# Conditioning on Brownian motion when $t\in[0,s)$

Let $(W_{t})_{t\geq 0}$ be a Brownian motion. It is well known how to calculate $\mathbb{E}[W_{t}|W_{s}]$ when $t\geq s\geq 0$.

What about $\mathbb{E}[W_{t}|W_{s}]$, when $t\in [0,s)$?

Inspired by Behrouz Maleki I decided to sum up his solutions:

I Attempt

We know that:

1. $\mu=\mathbb{E}[W_t]=0$
2. $\sigma^{2}=Var[W_t]=t$
3. $W_t\sim\mathcal{N}(0,t)$
4. $Cov[W_t,W_s]=\min{\{t,s\}}$
5. $\rho=corr[W_t,W_s]=\sqrt{\frac{\min{\{t,s\}}}{\max{\{t,s\}}}}$

My source: Wikipedia

We also know that, if

$$\begin{pmatrix} X_1 \\ X_2 \end{pmatrix} \sim \mathcal{N} \left( \begin{pmatrix} \mu_1 \\ \mu_2 \end{pmatrix} , \begin{pmatrix} \sigma^2_1 & \rho \sigma_1 \sigma_2 \\ \rho \sigma_1 \sigma_2 & \sigma^2_2 \end{pmatrix} \right)$$ then

$$\mathbb{E}(X_1 \mid X_2=x_2) = \mu_1 + \rho \frac{\sigma_1}{\sigma_2}(x_2 - \mu_2)$$

My source: Wikipedia

It means that, for $t\in [0,s)$, we have:

1. $X_1=W_t$ and $X_2=W_s$
2. $\mu_1=0$ and $\mu_2=0$
3. $\sigma_1^2=t$ and $\sigma_2^2=s$
4. $\sigma_1=\sqrt{t}$ and $\sigma_2=\sqrt{s}$
5. $Cov[W_t,W_s]=t$
6. $\rho=\sqrt{\frac{t}{s}}$

so

$$\begin{pmatrix} W_t \\ W_s \end{pmatrix} \sim \mathcal{N} \left( \begin{pmatrix} 0 \\ 0 \end{pmatrix} , \begin{pmatrix} t & t \\ t & s \end{pmatrix} \right)$$ and

$$\mathbb{E}(W_t \mid W_s=x_2) = \frac{t}{s}x_2$$

so finally

$$\mathbb{E}(W_t \mid W_s) = \frac{t}{s}W_s$$

II attempt:

$$\mathbb{E}[W_t|W_s]=\mathbb{E}[W_t-\frac{t}{s}W_s|W_s]+\frac{t}{s}W_s=$$ $$\mathbb{E}[W_t-\frac{t}{s}W_s]+\frac{t}{s}W_s=\mathbb{E}[W_t]-\frac{t}{s}\mathbb{E}[W_s]+\frac{t}{s}W_s=\frac{t}{s}W_s$$

Here we used the fact that the pair $(W_t-\frac{t}{s}W_s, W_s)$ has multivariate normal distribution and

$$Cov[W_t-\frac{t}{s}W_s, W_s]=Cov[W_t,W_s]-\frac{t}{s}Cov[W_s,W_s]=$$ $$\min{\{t,s\}}-\frac{t}{s}Var[W_s]=t-\frac{t}{s}*s=0$$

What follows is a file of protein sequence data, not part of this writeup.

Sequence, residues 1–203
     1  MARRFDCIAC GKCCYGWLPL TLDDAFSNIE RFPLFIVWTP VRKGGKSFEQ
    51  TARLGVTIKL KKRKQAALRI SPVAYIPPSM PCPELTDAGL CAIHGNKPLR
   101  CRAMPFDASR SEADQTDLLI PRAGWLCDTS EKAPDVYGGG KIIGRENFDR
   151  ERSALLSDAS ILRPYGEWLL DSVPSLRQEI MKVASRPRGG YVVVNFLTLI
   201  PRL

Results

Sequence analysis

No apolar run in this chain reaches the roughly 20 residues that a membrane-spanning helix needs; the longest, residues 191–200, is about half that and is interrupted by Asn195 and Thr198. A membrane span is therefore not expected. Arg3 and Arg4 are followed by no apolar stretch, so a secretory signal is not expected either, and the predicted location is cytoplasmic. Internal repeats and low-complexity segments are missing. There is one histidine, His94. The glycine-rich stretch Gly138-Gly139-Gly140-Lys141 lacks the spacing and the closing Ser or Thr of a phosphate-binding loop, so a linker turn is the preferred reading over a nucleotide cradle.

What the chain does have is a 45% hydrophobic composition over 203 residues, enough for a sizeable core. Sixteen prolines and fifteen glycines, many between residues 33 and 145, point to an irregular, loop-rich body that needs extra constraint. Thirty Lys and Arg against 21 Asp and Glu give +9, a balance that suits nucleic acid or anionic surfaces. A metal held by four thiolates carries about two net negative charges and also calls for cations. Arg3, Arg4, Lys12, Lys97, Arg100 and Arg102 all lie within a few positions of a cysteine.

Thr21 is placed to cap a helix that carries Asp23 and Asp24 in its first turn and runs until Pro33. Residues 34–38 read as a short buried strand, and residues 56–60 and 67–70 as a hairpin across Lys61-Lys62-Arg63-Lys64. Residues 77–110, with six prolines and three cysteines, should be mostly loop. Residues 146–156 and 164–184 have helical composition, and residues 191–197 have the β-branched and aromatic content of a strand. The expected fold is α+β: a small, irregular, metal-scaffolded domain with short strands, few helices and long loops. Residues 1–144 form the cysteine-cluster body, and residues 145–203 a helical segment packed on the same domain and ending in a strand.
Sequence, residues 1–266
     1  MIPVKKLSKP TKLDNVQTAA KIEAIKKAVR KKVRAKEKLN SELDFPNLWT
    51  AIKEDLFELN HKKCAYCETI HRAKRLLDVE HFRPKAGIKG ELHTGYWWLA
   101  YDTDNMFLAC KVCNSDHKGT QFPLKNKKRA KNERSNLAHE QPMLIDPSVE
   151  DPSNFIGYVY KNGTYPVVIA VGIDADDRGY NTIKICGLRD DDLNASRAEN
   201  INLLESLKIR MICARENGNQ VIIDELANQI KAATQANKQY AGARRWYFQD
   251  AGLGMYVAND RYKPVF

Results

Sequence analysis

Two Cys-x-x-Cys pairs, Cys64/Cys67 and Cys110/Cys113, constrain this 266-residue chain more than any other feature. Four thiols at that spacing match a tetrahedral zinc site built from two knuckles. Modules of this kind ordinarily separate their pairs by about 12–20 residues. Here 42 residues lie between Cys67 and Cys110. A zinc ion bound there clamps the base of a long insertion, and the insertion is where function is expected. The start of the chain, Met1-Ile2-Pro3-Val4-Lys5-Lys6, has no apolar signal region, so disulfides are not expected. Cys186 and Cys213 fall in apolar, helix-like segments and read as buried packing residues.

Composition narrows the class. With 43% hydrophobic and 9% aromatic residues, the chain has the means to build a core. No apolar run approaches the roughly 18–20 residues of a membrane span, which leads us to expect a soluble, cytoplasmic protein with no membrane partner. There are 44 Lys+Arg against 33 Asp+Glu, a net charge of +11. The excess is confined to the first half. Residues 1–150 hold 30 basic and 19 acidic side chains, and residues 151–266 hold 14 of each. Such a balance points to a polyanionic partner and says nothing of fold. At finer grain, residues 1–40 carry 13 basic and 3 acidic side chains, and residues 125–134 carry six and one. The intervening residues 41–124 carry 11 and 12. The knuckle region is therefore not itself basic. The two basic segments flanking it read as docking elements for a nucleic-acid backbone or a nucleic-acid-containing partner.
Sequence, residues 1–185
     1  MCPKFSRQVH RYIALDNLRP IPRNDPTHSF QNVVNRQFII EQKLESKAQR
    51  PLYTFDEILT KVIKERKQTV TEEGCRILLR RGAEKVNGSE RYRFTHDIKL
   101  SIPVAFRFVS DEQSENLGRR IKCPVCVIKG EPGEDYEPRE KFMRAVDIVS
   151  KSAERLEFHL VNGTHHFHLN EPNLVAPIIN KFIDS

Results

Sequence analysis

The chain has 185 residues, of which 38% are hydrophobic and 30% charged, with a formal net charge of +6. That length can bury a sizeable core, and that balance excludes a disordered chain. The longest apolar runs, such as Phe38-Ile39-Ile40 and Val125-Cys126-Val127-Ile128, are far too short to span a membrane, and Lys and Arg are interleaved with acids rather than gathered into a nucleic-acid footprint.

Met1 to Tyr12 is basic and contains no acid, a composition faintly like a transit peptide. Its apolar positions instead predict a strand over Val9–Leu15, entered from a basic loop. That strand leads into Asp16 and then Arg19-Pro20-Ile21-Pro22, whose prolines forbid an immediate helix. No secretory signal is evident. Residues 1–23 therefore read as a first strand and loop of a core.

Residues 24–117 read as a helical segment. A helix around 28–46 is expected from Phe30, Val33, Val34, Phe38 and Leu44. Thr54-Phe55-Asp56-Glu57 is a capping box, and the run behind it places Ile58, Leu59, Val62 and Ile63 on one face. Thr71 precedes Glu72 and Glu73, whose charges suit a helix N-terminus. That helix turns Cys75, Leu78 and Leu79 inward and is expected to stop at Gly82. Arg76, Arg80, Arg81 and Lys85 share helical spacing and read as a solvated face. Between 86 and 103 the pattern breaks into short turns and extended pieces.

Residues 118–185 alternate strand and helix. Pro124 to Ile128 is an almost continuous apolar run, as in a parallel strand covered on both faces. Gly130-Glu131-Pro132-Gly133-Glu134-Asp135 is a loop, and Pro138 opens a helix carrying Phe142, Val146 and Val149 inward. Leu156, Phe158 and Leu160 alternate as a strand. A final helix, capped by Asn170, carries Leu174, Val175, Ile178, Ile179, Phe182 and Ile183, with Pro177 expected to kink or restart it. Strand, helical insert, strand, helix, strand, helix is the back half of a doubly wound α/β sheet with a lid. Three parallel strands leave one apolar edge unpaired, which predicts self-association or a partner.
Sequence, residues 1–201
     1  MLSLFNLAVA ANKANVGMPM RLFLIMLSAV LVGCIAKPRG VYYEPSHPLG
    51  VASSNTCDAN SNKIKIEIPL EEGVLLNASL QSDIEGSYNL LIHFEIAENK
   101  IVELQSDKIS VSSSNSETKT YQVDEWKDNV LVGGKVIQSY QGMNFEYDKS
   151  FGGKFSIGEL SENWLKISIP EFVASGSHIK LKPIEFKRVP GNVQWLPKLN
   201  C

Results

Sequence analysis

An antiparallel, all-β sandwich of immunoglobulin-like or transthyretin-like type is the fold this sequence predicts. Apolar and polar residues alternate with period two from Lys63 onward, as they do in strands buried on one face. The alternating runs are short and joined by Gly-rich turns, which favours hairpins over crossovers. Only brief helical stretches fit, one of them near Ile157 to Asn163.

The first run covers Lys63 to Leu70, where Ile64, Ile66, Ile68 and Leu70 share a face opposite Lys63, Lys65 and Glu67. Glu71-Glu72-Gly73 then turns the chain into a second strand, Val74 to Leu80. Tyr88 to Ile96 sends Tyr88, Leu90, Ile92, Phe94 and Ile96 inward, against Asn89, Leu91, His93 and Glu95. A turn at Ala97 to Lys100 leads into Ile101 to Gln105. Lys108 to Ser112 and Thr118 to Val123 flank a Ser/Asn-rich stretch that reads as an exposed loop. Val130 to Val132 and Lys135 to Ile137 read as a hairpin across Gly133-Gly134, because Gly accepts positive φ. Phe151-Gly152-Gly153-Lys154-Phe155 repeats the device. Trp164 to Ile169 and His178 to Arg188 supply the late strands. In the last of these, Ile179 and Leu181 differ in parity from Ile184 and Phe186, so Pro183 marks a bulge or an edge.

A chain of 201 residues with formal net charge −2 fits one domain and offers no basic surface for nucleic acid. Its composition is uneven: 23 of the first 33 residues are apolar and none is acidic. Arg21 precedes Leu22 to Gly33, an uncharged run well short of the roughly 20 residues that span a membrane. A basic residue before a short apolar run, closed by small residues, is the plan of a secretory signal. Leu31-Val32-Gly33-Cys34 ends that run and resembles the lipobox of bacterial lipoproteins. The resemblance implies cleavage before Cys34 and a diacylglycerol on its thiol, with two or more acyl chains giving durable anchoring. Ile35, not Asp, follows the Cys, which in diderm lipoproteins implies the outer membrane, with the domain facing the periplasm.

It means that $W_{t}-\frac{t}{s}W_s$ and $W_s$ are independent random variables, so $W_{t}-\frac{t}{s}W_s$ is independent of $\sigma(W_s)$ and therefore we can use appropriate property of conditional expectation.

• Start by looking at he joint distribution of $(W_t,W_s)$ (or $(N_t, N_s)$). – John Dawkins Nov 11 '16 at 17:40
Hint $$\mathbb{E}\left[W_t\middle | W_s\right]=\mathbb{E}\left[W_t-\frac{t}{s}W_s\middle |\, W_s\right]+\frac{t}{s}W_s=\frac{t}{s}W_s$$ other approach $$f_{W(s)}(y)=\frac{1}{2\sqrt{\pi\,s}}\text{exp}\left(-\frac{y^2}{2s}\right)$$ and $$f_{W(t),W(s)}(x,y)=\frac{1}{2\pi\sqrt{t(s-t)}}\text{exp}\left(-\frac{x^2}{2t}-\frac{(y-x)^2}{2(s-t)}\right)$$ therefore $$f_{W(t)|W(s)}(y)=\frac{f_{W(t),W(s)}(x,y)}{f_{W(s)}(y)}=\frac{1}{\sqrt{2\pi}}\frac{\sqrt{s}}{\sqrt{t(s-t)}}\text{exp}\left(-\frac{x^2}{2t}-\frac{(y-x)^2}{2(s-t)}+\frac{y^2}{2s}\right)$$ In other words $$f_{W(t)|W(s)}(y)=\frac{1}{\sqrt{2\pi}}\frac{1}{\sqrt{t-\frac{s}{t}}}\text{exp}\left(-\frac{\left(x-\frac{t}{s}y\right)^2}{2\left(t-\frac{t}{s}\right)}\right)$$ thus $$\mathbb{E}[W_t|W_s=y]=\frac{t}{s}y$$
• Set $X(t,s)=W_t-\frac ts W_s$ and $Y(t,s)=\frac ts W_s$. We know $\mathbb{E}[W_s^2]=s$ and $\mathbb{E}[W_s\, W_t]=\min\{t,s\}=t$ thus $X(t,s)$ and $W_s$ are independent. On the other hand $W_t=X(t,s)+Y(t,s)$ . thus $X(t,s)$ and $Y(t,s)$ are independent. – Behrouz Maleki Nov 13 '16 at 21:16
• If we want to use property of conditional expectation, then $W_t-\frac{t}{s}W_s$ must be independent with $\sigma(W_s)$. Is it true? I can see that only $W_t-\frac{t}{s}W_s$ and $W_s$ are independent. – Leon Nov 13 '16 at 21:31